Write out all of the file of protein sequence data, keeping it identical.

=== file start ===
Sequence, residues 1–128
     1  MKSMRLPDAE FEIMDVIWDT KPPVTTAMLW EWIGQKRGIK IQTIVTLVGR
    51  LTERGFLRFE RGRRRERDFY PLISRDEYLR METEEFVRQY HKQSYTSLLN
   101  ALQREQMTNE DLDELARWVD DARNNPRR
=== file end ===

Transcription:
Sequence, residues 1–128
     1  MKSMRLPDAE FEIMDVIWDT KPPVTTAMLW EWIGQKRGIK IQTIVTLVGR
    51  LTERGFLRFE RGRRRERDFY PLISRDEYLR METEEFVRQY HKQSYTSLLN
   101  ALQREQMTNE DLDELARWVD DARNNPRR